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Serious About Diversity and Inclusion? Think Beyond Training, Part 2

by Cory Rieken

the business case for diversityIn my last post, I reflected on what has gone wrong in the past with diversity training and suggested we needed more than just awareness. Let’s see what else we need to get right, and as with any business initiative, let’s keep the end in mind: better business results.

The Business Case for More Than Training

Plenty of studies demonstrate that diversity isn’t just a “right thing to do” exercise:

the business case for diversity

Notice that none of those results are about awareness training. This is a business case your senior operations or business leaders can relate to and champion. Enlist them as your messengers often. Maybe they are already kicking-off your awareness training and could use stats like these to showcase the benefits brought on by diversity.

You can also create an ongoing communication plan highlighting all the other great things your company is doing that will help everyone reach their highest potential, and make the communications come from those champions. Don’t make it about diversity – make it about the outcomes that diversity brings. Active and visible high-level sponsorship helps your employees take the awareness training seriously, because getting these results requires willingness from all leaders to change how they work.

Beyond communication, you probably have some big pressures impeding progress in diversity and inclusion:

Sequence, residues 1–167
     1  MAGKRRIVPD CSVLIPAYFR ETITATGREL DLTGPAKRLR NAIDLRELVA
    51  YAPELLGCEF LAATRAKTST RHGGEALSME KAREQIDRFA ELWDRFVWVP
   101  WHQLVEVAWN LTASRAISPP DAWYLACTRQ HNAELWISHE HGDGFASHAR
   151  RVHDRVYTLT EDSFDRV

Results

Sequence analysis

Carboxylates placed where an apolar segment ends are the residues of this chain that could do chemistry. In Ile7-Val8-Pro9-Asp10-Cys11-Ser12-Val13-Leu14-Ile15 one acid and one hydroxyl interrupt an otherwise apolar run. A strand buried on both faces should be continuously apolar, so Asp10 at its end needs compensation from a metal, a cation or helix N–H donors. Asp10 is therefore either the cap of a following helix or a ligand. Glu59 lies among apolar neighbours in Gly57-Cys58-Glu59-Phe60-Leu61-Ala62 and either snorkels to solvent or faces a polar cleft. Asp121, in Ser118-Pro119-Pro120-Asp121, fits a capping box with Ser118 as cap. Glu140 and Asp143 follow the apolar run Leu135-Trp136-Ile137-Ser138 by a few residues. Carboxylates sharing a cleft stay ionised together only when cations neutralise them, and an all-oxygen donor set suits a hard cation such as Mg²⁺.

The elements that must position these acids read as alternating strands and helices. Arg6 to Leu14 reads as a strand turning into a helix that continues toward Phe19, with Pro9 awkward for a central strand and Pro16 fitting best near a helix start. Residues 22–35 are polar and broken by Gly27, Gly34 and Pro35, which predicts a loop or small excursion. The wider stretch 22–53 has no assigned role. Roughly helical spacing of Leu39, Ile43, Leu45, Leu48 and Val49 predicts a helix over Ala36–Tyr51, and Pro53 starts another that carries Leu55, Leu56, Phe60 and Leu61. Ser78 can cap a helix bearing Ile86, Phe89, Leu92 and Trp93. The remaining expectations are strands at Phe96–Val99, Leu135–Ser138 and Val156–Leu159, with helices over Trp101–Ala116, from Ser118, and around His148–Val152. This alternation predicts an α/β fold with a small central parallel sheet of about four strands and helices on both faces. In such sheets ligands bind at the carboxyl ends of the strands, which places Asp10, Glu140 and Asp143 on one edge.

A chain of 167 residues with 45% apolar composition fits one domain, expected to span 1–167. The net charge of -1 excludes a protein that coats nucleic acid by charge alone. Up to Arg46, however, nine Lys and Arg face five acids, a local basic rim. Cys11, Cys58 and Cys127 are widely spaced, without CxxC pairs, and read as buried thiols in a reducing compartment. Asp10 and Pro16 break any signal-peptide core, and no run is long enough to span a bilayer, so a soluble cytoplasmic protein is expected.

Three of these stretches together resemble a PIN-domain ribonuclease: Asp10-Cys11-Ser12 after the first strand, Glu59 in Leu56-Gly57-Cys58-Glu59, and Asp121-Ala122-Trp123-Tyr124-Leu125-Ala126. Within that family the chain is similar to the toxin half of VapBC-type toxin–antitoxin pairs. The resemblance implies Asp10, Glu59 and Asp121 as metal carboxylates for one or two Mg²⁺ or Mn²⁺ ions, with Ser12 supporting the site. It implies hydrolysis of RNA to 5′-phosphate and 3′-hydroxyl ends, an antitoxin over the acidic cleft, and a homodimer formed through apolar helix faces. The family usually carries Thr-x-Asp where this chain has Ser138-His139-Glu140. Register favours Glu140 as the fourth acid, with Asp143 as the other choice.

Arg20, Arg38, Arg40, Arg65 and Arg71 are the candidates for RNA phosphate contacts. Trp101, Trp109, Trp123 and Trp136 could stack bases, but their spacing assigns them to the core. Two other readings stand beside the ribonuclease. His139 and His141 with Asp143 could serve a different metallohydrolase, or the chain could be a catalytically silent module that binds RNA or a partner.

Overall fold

leverage points and obstacles

This picture shows how strong the cultural push is. Your culture is made up of your company’s espoused values – what you say you believe – and your leaders’ and employees’ actual behaviors. It’s kept in place by your processes, policies, systems, and procedures, whether they are officially written or not.

Increasing diversity and including more people is a massive cultural effort. When you try to tackle this through awareness training only, the effort isn’t usually enough to push the lever down and drive diversity upward. You risk leaving untouched the very parts of your culture which keep the status quo in place. Better impact comes when you change how you select, develop, manage performance, and plan succession to ensure inclusion happens as part of all your talent processes. Let’s go through these in more detail:

Hiring and Promotion

First, you must define the criteria for success in each role, because you can’t hire “great” if you haven’t defined “great.” I cannot speak more eloquently about this than my colleague Katy Campbell did in her blog, “What Can Greg Brady Teach Us About Mislabeling Talent?” Then you have to select based on that criteria, and even here old thinking can block diversity and inclusion. Let me take you back to my former organization, where we did do some things right.

That big tech firm I worked for found new ways to invite more people into the hiring process. While we had great success hiring capable technical folks from certain programs at certain universities, we had to look hard at why we were only going to those schools. And it boiled down to credentials, not competencies, so we expanded our college recruiting program to new schools, with an eye toward diversity.